Real Interior Design

Real interior design is what we all do when the glossy magazines, colour charts and Pinterest have been put away. Very few people can afford professional interior design for every room of their homes and most of us have to compromise a lot on what we would wish for and can actually achieve. The compromises are varied and cost is not always the one that causes the biggest stumbling block to stylish perfection. On this page, we will talk over the compromises and solutions that we’ve experienced and also some of our stylish bloopers. We are pretty opinionated on style, most things in life too, but we are always open to new inspiration and ideas.

Everyone who wants to curate their home to make it stylish and comfortable needs a little help.

These are our go-to places to solve a stylistic problem.

All of the fabulous second-hand shops in Crystal Palace. There are also some fabulous independent interiors stores on ‘The Triangle’. There is also a retro treasure trove that is Aladins Cave in Brockley

Aladins Cave is exactly that, a mix of second hand and salvage. Very reasonably priced it solves retro design problems . We bought an Emeco 1006 Alluminium Navy Chair for £15. We went there searching for a random chair that would pull our mismatched dining area together, this little beauty called to us despite being covered in a vast amount of bird shit, which was not charged for. Two days of scrubbing and buffing revealed this little beauty.


Another treat that we picked up here was a beautiful old picture frame that we used as the photo booth at our wedding and then used it to frame the beautiful concrete wall that we have in the Old Mortuary

IMG_8381We’ve yet to find anything similar in the South-West but Stax Reclamation at Saltash and some second-hand shops in Union Street, Plymouth have potential to be good sources.

The old sofa.

The old sofa was pulled out of a skip 25 years ago, it was already old and had had an unfortunate colour reupholstery in the 80’s.IMG_0838It survived two decades of pets and children and my husbands urge to return it to its skip beginnings. No one in this picture is sitting comfortably and the flap down arm is incapable of being up.

It went off to the upholsterer for a refurb while the mortuary was being rebuilt. Now the arm stays up when required. It’s comfy to sit on once again and the pink and yellow stripes of the eighties have been replaced with crushed velvet.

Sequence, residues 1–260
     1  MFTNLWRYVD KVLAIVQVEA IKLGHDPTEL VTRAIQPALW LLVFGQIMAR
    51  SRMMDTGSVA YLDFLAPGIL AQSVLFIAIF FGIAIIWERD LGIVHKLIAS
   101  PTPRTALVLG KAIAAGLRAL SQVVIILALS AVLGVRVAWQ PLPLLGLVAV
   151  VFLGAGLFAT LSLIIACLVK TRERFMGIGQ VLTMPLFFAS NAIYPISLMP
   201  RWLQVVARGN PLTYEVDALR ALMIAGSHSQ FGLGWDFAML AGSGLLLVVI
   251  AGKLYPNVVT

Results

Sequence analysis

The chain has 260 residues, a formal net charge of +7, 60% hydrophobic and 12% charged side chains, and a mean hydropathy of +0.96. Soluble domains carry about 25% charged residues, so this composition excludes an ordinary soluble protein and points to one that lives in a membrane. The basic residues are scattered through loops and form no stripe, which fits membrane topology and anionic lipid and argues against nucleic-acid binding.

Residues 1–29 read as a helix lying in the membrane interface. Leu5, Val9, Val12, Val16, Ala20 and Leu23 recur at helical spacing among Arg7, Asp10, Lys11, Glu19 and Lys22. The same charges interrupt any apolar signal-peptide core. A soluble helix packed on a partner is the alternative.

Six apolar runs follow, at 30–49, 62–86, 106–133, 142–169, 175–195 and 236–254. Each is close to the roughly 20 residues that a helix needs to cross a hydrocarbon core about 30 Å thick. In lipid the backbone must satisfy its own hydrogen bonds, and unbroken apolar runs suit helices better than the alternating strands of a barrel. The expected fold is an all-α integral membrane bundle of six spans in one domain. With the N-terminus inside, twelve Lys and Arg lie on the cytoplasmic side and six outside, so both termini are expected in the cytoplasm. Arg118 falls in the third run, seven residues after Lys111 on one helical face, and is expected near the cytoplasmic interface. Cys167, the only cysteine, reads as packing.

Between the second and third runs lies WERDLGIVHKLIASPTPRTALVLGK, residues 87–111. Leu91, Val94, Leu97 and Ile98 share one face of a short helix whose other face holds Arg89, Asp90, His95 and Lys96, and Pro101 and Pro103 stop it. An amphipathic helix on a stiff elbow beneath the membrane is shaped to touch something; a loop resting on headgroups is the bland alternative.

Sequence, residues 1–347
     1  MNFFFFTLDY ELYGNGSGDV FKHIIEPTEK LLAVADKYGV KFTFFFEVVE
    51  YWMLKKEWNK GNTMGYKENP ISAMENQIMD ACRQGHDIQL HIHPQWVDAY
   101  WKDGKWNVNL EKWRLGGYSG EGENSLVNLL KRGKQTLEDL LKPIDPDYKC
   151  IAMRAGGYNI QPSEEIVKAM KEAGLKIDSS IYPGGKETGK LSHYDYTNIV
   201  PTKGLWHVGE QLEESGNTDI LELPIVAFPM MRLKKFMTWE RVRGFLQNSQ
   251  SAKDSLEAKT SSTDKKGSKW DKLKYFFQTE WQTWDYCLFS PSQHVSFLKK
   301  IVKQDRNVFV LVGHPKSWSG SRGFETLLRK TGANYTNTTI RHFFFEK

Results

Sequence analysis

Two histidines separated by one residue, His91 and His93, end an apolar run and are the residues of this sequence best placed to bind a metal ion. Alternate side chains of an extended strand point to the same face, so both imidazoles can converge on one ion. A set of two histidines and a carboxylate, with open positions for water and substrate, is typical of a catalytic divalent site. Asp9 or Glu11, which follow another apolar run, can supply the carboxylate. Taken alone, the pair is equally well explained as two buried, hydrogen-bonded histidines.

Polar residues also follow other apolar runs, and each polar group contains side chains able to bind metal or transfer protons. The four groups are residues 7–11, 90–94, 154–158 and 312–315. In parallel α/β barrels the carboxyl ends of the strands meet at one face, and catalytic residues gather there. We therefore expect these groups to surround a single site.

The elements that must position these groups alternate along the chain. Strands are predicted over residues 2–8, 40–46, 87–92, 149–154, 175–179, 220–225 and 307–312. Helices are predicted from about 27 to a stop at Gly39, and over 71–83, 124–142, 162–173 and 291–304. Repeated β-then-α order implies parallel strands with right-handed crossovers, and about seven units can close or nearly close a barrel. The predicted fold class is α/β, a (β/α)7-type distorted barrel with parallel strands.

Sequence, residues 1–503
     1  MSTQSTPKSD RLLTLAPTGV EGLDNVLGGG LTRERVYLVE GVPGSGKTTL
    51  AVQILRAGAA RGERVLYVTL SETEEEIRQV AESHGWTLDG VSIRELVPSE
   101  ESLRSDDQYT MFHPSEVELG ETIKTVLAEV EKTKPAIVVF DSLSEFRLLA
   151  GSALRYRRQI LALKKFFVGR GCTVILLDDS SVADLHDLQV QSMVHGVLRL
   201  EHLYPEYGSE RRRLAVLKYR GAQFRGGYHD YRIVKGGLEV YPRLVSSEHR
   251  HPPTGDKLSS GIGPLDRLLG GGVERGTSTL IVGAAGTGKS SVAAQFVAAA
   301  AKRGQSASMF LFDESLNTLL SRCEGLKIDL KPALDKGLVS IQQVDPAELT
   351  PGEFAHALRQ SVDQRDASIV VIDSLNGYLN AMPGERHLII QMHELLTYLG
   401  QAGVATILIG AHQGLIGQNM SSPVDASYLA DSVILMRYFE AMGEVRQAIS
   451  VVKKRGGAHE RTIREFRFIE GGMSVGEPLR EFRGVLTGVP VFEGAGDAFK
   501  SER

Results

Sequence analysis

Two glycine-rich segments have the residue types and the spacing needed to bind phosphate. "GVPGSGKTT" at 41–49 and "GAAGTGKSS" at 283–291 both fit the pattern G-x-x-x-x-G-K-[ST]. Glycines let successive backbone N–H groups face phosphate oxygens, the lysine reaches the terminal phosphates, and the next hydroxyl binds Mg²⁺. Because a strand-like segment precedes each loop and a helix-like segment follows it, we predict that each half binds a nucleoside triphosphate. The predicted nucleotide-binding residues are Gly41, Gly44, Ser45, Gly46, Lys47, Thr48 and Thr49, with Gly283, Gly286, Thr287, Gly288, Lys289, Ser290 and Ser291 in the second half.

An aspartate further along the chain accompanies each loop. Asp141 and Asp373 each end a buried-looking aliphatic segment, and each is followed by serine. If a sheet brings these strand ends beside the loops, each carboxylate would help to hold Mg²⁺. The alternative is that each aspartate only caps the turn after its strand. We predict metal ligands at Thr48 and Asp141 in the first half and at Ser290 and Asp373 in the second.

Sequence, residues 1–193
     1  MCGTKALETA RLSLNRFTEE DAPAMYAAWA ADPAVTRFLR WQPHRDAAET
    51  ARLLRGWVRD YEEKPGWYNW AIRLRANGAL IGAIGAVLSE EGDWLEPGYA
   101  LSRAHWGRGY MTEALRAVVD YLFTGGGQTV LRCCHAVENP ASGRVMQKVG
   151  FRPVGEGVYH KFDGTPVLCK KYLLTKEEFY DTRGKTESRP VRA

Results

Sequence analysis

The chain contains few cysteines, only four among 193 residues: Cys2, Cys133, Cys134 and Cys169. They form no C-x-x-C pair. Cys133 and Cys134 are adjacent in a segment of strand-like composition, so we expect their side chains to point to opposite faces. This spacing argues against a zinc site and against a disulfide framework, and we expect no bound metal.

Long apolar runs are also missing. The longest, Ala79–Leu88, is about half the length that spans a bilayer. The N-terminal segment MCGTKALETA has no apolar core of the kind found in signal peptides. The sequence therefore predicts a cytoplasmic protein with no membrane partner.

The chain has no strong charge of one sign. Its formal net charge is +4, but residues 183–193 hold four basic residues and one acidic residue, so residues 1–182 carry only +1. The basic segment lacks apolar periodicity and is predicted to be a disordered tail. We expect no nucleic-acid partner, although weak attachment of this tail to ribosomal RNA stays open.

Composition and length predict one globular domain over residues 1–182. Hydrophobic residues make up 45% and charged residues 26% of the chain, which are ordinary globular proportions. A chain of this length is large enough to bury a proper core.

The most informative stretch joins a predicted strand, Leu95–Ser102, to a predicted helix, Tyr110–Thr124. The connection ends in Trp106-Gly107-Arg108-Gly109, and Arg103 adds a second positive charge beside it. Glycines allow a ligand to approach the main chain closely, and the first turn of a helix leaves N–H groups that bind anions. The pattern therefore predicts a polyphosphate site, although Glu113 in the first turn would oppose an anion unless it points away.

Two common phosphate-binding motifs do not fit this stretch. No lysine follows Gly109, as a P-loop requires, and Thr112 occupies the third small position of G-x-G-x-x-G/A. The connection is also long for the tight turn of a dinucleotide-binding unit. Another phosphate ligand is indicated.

G Plan 6250 The Worlds Most Comfortable Chair

Designed in 1962 , the GPlan 6250 was the chair of the moment. Used as a backdrop for classic 1960’s photoshoots, it was as iconic as Twiggy. Recently relaunched by GPlan as the 62,it was on our style list for the refurbished mortuary, but not at the relaunch prices.

We stalked them on EBay and eventually found one in Falmouth, it was super shabby and it’s original brown velvet had faded to a bluey purple. We paid about £100. The picture below is not ours but shows a similarly old one.


£100 is about 5% of the relaunched 62.

Ours took a trip to Callington to E. Thorpe and Son, Upholsterers. It was transformed.

IMG_9927The upholsterer said the original version is a much better engineered chair than the relaunched version. After upholstering, we have a beautiful chair at about 20% of the retail price of a new one. Inspired by our efforts our friends took the same route.

Here are the before and after shots.


Their chair went to

Curated Collections


In our home we have to find space for ‘stuff’. The belongings or memorabilia from two sets of parents, now dead, and two previous individual homes. That’s a big ask of a small cottage. The sensible answer to this is that you can’t keep everything : recycling out to charity shops is not only the answer , it is also the right thing to do. If we don’t need it then a much better use is to generate money for a charity while getting it into the hands of someone else who can make use of it.

To achieve a balance and have a home that is organically styled rather than superficially beautiful with no depth of character we have curated some collections.

Casually placed in a couple of rooms are small collections of old vinyl records. Pre dating bespoke covers they have cardboard sleeves advertising the shops that sold them. They take up very little space but give a big warm hug of remembrance every time they catch your eye.